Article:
Newlyweds Harry and Meghan have danced the night away with 200 guests at a glamorous reception - with the bride wearing a ring that belonged to Diana, Princess of Wales.
Harry appears to have given his bride a poignant wedding day gift - an impressive, emerald cut aquamarine ring which belonged to his late, beloved mother.
Meghan was spotted with the large gem on her right hand as the couple made their way to their evening do.
Diana died when Harry was just 12 after she was killed in a tragic car crash in Paris.
Meghan switched from her stunning elegant, formal pure white wedding gown by Clare Waight Keller for Givenchy, to a glamorous lily white halter neck by Stella McCartney for the black tie evening do.
The party was being hosted by the Prince of Wales.
Harry drove his new wife from Windsor Castle in a silver blue classic convertible Jaguar E-Type Concept Zero, which was originally manufactured in 1968 and has been converted to electric power.
The happy couple waved and smiled as they headed to meet their friends at the celebration, which was expected to stretch into the early hours.
The US star - now a duchess and an HRH - wore shoes from Aquazurra made in silky satin, with nude mesh, with soles painted in baby blue.
Her hair - in a relaxed up do - was styled for the reception by George Northwood.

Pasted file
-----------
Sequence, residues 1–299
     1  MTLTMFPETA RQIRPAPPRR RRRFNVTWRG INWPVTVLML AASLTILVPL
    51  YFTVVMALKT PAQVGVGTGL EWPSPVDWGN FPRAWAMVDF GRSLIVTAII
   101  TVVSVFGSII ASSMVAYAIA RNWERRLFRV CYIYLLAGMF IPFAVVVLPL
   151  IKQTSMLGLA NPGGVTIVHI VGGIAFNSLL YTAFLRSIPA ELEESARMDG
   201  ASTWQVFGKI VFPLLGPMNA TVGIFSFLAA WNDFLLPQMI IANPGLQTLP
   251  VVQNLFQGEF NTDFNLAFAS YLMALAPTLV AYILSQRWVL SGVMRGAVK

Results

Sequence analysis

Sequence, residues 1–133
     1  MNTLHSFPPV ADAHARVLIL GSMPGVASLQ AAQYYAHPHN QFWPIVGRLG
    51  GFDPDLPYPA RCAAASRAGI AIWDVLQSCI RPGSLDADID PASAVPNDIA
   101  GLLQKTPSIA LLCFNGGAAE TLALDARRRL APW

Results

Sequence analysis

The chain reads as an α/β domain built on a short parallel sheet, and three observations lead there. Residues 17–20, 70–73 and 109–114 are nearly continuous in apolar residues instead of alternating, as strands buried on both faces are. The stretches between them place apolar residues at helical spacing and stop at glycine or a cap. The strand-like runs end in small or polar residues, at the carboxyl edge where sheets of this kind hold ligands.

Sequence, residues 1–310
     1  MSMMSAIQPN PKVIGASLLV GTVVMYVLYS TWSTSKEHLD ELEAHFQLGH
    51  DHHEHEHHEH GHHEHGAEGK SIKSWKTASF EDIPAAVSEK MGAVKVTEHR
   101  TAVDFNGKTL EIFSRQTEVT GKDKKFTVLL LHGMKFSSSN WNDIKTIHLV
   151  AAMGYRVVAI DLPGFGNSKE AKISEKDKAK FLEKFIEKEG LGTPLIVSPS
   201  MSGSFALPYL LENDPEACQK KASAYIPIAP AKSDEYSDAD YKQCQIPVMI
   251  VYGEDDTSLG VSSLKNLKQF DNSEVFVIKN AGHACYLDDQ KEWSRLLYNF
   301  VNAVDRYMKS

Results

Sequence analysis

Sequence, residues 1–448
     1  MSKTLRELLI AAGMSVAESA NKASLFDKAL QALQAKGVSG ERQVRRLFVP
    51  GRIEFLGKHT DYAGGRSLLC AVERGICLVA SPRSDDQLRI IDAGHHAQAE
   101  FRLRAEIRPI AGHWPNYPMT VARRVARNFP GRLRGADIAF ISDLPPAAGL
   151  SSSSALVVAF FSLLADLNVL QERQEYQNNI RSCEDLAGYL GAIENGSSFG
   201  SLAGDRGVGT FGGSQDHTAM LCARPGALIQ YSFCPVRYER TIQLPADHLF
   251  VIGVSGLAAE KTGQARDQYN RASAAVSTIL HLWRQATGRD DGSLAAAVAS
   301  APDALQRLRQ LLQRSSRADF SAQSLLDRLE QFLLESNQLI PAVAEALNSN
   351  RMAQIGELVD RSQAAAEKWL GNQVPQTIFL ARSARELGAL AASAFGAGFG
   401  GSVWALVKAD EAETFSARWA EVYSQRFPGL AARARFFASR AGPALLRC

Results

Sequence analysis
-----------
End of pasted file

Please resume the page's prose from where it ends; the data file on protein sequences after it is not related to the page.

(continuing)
The car's number plate bore the date of the wedding - E190518.
Guests were able to rest and change before the start of the evening celebrations following the lunchtime reception in the castle's medieval St George's Hall hosted by the Queen.
The closest friends of the newlyweds will be among those in attendance including Canadian stylist Jessica Mulroney and other confidantes such as Benita Litt and designer Misha Nonoo.
The 17th century royal residence stands less than a kilometre south of Windsor Castle in Windsor Home Park.
It offers the new Duke and Duchess of Sussex the privacy to celebrate their marriage away for the cameras.
The name Frogmore is derived from the frogs, which have always lived in the low lying marshy area.
It was built in around 1680 by Charles II's architect and in 1923, the Queen's parents - the future George VI and Queen Elizabeth - spent part of their honeymoon there.